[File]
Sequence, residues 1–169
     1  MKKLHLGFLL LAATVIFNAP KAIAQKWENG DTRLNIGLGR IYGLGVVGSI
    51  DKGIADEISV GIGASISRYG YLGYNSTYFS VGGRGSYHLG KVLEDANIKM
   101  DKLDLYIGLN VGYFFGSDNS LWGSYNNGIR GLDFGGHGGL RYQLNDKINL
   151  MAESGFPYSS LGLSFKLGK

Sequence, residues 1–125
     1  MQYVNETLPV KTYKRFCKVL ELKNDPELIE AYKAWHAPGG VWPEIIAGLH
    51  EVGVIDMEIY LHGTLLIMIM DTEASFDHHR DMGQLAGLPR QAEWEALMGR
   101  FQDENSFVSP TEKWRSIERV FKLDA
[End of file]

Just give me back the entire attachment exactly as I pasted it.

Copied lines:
Sequence, residues 1–169
     1  MKKLHLGFLL LAATVIFNAP KAIAQKWENG DTRLNIGLGR IYGLGVVGSI
    51  DKGIADEISV GIGASISRYG YLGYNSTYFS VGGRGSYHLG KVLEDANIKM
   101  DKLDLYIGLN VGYFFGSDNS LWGSYNNGIR GLDFGGHGGL RYQLNDKINL
   151  MAESGFPYSS LGLSFKLGK

Sequence, residues 1–125
     1  MQYVNETLPV KTYKRFCKVL ELKNDPELIE AYKAWHAPGG VWPEIIAGLH
    51  EVGVIDMEIY LHGTLLIMIM DTEASFDHHR DMGQLAGLPR QAEWEALMGR
   101  FQDENSFVSP TEKWRSIERV FKLDA